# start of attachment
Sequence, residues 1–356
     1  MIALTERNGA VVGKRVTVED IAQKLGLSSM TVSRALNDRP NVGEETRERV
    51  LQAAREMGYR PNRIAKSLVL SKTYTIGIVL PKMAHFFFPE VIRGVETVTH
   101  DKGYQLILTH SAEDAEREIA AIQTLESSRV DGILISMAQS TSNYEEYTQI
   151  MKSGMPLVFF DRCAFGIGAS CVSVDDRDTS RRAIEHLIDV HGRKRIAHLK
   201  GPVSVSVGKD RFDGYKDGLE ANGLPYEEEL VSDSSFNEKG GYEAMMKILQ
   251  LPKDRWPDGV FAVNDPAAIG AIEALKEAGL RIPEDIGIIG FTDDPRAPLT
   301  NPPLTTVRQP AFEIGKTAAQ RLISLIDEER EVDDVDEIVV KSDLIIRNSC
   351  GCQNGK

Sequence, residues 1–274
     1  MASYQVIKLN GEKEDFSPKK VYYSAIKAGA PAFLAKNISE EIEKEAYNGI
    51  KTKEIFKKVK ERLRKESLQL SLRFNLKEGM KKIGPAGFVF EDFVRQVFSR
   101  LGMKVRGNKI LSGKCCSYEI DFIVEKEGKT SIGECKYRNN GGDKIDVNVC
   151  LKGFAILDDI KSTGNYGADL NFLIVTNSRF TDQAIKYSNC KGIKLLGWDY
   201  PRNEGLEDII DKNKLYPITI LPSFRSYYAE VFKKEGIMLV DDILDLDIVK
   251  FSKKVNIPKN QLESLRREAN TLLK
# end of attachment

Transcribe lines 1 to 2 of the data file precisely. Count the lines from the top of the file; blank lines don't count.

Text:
Sequence, residues 1–356
     1  MIALTERNGA VVGKRVTVED IAQKLGLSSM TVSRALNDRP NVGEETRERV